Palau: That is exactly right. God is not obligated to bless my political projects just because I am a committed Christian. It is a very poor trend to try to get the vote of believers strictly by saying “I’m a Christian. Therefore vote for me, and don’t ask any questions.” I think that approach is entirely wrong.
R&L: We still have the obligation of prudence.
Palau: Yes. We need to encourage Christians called to politics as a ministry to act honorably as politicians, knowing that in some countries they are going to face unbearable pressures. But the institutional Church should not be directly involved. It has always been the temptation of the Church to be obligated to make pronouncements on issues that are not within its province.
R&L: You have said that “Politics has its limits” and that we should not “expect from politics what politics cannot deliver.” What are the limits of politics, and what are the proper expectations that believers should have of politics?
Palau: I go back to Romans 13 where Paul lays down some simple yet essential principles. Political leaders should see that they do not hold their positions by virtue of their own great wisdom, charisma, or political maneuvering, but that their authority comes from and is established by God, and that they should therefore see themselves as ministers of God. When I spoke with our president at a breakfast, I told him that I am a minister in that I proclaim the Gospel, but that he, too, was a minister in that he serves the people. Political leaders serve the people in two ways: First, they are to affirm justice and righteousness, and to use the authority given them by God to be a terror to those who do wrong. In other words, they are to preserve freedom for peace-loving, justice-loving citizens. Second, they are to commend those who do right. So the limits of politics lie in those two fences; protecting the innocent and defenseless from evil assaults and fraud, and encouraging, commending, and facilitating the work of those whose main goals in life are to bring up their families freely, to make business happen, to lift up the economy, and to enjoy the creation that God has given us.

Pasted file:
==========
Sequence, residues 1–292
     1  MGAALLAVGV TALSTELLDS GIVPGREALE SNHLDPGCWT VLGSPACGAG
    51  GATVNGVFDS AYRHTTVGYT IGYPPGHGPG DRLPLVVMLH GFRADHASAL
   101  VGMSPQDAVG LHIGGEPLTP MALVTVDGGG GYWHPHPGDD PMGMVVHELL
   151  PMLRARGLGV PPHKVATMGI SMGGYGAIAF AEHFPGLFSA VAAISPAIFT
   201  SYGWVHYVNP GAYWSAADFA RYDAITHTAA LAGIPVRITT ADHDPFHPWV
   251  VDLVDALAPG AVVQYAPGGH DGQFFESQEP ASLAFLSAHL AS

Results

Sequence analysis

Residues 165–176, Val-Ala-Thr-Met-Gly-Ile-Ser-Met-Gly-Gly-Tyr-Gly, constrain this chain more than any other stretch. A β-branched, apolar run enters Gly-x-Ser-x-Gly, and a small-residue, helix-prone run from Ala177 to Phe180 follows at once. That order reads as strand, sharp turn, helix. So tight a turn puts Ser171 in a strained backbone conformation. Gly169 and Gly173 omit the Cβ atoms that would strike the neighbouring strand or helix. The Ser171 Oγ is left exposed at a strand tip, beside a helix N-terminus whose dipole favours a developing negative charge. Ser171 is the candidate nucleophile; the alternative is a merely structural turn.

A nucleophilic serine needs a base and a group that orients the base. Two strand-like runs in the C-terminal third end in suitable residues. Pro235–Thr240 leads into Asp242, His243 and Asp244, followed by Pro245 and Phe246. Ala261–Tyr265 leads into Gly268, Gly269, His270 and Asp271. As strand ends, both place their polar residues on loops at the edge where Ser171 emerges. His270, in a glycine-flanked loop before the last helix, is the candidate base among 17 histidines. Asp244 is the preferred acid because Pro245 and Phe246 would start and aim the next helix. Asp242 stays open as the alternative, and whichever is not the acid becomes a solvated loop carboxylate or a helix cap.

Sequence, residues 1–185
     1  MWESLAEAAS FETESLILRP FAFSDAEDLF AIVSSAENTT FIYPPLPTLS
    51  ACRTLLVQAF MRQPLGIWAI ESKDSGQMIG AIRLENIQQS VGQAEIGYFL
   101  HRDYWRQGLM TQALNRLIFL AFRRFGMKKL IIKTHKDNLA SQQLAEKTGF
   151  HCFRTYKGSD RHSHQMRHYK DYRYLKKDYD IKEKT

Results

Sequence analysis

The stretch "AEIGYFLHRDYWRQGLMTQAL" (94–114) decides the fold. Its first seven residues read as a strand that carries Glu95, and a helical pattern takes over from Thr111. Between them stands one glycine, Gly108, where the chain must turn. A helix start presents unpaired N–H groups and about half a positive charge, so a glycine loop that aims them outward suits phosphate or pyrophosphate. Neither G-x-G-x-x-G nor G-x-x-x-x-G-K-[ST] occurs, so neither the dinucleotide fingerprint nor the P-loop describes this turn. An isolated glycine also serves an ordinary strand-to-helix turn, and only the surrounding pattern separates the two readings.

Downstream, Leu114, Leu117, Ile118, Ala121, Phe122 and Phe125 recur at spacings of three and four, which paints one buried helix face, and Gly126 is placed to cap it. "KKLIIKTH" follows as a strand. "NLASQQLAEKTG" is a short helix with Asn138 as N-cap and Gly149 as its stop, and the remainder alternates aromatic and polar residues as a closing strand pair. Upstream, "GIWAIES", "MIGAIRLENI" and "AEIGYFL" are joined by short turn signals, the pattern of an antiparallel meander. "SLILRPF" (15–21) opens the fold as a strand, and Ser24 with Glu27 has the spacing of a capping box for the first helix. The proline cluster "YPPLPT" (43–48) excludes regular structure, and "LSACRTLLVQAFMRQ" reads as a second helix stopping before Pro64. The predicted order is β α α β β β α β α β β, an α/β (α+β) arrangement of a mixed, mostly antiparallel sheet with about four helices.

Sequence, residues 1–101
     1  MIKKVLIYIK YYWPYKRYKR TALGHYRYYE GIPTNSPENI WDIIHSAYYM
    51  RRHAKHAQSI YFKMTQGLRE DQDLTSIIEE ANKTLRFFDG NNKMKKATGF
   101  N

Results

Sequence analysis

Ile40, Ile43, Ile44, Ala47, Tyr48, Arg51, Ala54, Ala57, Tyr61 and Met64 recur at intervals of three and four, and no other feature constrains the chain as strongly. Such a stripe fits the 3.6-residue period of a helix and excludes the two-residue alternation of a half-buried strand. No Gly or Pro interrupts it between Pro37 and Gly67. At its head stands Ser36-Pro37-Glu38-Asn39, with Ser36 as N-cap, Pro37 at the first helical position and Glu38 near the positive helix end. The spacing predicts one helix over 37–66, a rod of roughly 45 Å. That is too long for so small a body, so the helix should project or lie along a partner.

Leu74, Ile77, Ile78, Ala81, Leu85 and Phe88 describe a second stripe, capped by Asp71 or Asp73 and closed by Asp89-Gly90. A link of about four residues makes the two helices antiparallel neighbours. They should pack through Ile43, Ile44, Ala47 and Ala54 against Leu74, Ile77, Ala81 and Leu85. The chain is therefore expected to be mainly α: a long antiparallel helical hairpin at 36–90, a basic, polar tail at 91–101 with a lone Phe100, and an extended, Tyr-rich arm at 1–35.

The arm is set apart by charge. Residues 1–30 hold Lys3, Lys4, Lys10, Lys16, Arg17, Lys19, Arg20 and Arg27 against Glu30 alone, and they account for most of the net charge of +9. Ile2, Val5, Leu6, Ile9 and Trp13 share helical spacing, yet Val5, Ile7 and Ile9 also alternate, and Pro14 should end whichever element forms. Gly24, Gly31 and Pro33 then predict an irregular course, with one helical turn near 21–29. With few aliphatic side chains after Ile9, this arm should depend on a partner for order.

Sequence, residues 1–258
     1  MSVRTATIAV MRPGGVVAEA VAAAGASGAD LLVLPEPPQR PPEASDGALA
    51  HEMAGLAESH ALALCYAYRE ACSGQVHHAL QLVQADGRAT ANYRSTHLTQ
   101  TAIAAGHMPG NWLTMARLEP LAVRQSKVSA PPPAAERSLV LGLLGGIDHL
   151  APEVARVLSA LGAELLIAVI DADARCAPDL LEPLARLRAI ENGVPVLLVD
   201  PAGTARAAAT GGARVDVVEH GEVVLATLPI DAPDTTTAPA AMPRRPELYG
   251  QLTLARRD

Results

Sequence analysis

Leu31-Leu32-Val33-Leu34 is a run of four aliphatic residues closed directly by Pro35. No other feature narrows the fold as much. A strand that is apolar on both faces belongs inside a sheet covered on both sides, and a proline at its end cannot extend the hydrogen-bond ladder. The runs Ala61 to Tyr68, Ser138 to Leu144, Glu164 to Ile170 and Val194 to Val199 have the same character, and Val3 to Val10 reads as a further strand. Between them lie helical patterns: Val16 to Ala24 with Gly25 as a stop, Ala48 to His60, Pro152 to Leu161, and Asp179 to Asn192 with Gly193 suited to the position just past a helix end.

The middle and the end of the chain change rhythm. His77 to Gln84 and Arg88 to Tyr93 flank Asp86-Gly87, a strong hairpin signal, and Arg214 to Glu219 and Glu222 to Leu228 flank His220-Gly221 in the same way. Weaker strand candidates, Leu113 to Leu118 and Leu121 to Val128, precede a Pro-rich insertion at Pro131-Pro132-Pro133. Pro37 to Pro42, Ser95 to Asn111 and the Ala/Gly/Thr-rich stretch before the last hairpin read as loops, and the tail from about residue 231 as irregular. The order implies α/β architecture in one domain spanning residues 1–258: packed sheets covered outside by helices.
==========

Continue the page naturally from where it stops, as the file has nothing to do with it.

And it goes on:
Politics has its limits: Politics cannot deliver submission to law. Politics cannot deliver godliness of life. Politics cannot force a family to stay together. We Christians run the risk right now of thinking that if we elect committed Christians, then somehow that in and of itself will sanctify the nation. I think that is a mistake. It would be beneficial, no doubt, but people are not changed by force of politics. When the majority of people in a nation are not committed to biblical principles, then they will elect people who are not committed to biblical principles. So we of the Church must focus on converting as many people as possible to Christ and build up their way of life biblically so that they keep the heat on elected officials as much by example as by public demands.